Sexagesima

From Wikipedia, the free encyclopedia - View original article

Sexagesima
Datesecond Sunday before Ash Wednesday (79calendar days before Easter Sunday)
2013 dateFebruary 3
2014 dateFebruary 23
2015 dateFebruary 8
2016 dateJanuary 31
 
Jump to: navigation, search
Sexagesima
Datesecond Sunday before Ash Wednesday (79calendar days before Easter Sunday)
2013 dateFebruary 3
2014 dateFebruary 23
2015 dateFebruary 8
2016 dateJanuary 31
Liturgical year
Western
Eastern

Sexagesima /sɛksəˈɛsɨmə/, or, in full, Sexagesima Sunday, is the name for the second Sunday before Ash Wednesday in the Gregorian Rite liturgical calendar of the Roman Catholic Church, and also in that of some Protestant denominations, particularly those with Anglican and Lutheran origins.

The name "Sexagesima" is derived from the Latin sexagesimus, meaning "sixtieth," and appears to be a back-formation of Quinquagesima, the term formerly used to denote the last Sunday before Lent (the latter name alluding to the fact that there are fifty days between that Sunday and Easter, if one counts both days themselves in the total). Through the same process, the Sunday before Sexagesima Sunday was formerly known as Septuagesima Sunday, and marked the start of the Pre-Lenten Season which eventually became the time for carnival celebrations throughout Europe, this custom being later exported to places settled and/or colonized by Europeans. While Quinquagesima (50th day) is mathematically correct (allowing for the inclusive counting), Sexagesima and Septuagesima are only approximations (the exact number of days is 57 and 64 respectively). The earliest Sexagesima can occur is January 25 and the latest is February 28 (or February 29 in a leap year).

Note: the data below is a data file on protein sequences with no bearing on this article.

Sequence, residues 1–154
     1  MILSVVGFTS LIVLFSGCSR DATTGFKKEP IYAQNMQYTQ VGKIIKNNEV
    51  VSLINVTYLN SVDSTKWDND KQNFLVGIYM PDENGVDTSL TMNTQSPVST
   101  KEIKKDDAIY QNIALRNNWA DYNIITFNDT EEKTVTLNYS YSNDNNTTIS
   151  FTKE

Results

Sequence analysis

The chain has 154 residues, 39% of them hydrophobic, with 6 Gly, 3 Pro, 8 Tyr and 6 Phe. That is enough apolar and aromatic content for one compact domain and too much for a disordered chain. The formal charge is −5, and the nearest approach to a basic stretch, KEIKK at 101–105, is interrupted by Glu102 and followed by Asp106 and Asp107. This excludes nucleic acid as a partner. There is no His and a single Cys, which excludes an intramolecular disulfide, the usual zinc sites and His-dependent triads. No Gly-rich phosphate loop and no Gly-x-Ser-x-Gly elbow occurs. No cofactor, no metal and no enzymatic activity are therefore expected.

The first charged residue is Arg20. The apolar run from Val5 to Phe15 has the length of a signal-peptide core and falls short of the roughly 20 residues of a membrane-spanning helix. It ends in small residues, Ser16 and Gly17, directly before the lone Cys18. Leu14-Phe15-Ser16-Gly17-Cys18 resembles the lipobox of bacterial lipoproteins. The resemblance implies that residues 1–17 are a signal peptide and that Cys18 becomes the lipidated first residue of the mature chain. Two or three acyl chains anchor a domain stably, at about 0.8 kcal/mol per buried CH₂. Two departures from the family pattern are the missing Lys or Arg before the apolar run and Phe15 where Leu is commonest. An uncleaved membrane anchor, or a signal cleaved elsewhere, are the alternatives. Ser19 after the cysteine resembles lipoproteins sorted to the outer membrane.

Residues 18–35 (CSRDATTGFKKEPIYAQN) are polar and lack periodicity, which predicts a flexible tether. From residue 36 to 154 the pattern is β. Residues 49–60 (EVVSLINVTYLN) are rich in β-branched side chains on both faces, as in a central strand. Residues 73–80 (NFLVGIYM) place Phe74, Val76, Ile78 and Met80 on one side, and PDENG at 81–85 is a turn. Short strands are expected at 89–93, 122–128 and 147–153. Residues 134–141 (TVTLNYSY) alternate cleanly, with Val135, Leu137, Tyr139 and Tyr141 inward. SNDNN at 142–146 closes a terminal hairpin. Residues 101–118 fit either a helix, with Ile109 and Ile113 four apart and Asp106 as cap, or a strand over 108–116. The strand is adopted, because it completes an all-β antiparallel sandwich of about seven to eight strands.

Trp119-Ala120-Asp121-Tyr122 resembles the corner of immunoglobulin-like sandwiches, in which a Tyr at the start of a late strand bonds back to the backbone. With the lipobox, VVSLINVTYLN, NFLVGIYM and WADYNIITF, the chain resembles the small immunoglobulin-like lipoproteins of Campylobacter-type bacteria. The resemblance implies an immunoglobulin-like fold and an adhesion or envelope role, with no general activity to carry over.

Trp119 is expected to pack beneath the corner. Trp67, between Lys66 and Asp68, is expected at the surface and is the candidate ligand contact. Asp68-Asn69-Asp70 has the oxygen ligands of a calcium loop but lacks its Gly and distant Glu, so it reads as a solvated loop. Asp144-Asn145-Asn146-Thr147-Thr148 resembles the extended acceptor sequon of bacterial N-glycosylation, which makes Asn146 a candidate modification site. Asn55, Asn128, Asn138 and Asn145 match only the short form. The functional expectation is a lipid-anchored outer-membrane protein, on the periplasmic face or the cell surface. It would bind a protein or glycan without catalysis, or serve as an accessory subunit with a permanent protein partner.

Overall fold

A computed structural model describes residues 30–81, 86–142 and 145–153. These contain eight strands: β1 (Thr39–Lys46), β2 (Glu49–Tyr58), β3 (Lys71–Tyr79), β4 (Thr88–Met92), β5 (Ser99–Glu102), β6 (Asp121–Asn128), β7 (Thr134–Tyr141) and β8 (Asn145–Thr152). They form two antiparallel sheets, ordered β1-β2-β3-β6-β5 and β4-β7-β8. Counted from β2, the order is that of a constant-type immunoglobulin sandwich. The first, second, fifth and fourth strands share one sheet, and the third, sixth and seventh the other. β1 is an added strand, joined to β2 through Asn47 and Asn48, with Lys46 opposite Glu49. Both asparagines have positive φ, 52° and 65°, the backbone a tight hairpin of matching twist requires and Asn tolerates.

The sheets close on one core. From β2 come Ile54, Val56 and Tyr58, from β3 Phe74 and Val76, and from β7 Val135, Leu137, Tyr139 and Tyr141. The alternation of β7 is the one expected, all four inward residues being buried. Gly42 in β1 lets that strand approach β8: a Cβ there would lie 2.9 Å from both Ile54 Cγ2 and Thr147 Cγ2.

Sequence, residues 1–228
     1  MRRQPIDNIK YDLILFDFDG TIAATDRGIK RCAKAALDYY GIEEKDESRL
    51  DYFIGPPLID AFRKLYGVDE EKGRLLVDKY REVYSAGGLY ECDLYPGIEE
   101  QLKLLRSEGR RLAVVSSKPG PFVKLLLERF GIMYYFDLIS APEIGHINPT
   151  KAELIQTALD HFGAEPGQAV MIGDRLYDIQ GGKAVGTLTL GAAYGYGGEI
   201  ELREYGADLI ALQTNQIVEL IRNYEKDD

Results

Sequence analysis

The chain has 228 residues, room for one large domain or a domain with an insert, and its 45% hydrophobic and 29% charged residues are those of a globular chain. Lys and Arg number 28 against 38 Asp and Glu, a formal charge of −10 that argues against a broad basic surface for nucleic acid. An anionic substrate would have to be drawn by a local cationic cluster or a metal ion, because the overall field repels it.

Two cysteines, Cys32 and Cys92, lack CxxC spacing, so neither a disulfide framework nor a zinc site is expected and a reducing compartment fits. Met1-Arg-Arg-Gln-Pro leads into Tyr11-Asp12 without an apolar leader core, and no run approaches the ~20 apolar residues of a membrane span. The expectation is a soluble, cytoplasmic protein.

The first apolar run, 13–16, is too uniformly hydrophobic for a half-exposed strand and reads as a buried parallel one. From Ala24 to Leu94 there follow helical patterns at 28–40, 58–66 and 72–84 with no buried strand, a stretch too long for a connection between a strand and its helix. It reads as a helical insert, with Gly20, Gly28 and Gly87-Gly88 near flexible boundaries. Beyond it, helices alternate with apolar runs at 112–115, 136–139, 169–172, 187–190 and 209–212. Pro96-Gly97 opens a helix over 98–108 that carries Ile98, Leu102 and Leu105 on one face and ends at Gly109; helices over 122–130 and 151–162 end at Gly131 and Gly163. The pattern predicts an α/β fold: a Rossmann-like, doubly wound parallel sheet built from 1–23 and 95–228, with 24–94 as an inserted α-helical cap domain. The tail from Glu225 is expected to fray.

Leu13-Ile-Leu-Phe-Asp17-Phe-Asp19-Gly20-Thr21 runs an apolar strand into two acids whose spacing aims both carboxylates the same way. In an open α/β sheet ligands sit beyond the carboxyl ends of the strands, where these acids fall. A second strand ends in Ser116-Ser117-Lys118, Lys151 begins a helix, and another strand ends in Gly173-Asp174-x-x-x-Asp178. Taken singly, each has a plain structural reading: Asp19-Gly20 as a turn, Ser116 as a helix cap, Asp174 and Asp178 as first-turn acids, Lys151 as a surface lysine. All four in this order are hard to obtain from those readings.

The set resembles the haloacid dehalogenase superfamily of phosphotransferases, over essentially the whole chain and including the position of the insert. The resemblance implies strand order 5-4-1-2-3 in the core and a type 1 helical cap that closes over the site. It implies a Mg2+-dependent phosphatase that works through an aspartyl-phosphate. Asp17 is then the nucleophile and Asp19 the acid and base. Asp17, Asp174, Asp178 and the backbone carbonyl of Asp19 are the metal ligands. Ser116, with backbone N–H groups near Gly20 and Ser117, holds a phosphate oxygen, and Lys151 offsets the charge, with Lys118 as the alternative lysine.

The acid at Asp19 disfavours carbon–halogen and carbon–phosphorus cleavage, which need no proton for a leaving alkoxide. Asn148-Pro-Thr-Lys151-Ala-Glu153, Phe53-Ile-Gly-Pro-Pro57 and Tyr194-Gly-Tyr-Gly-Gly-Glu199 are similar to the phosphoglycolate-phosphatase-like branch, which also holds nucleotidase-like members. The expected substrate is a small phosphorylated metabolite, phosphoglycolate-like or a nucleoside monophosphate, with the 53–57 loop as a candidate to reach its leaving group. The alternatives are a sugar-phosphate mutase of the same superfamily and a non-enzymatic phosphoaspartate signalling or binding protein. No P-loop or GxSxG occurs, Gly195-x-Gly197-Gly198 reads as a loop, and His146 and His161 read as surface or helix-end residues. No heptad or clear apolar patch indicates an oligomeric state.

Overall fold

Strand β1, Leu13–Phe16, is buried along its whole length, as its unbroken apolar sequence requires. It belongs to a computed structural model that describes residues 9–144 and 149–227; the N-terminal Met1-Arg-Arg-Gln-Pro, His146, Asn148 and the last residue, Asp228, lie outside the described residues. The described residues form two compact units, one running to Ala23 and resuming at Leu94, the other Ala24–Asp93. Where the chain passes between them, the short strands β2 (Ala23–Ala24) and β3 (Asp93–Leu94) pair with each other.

Following the Second Vatican Council, Sexagesima and the other pre-Lent Sundays were eliminated in the new Roman Catholic liturgical calendar. These reforms went into effect in 1970. Most provinces of the Anglican Communion later followed in abolishing Sexagesima and the other pre-Lent Sundays, though they are retained wherever the Prayer Book Calendar is followed. The earlier form of the Roman Rite, with its references to Quinquagesima, Sexagesima and Septuagesima, continues to be observed in some communities.

Anglican use[edit]

Anglicans in provinces which continue to use the 1662 Book of Common Prayer as the primary authority also retain Sexagesima Sunday along with the two other pre-Lenten Sundays, as do those who use the 1928 American Book of Common Prayer.

See also[edit]

External links[edit]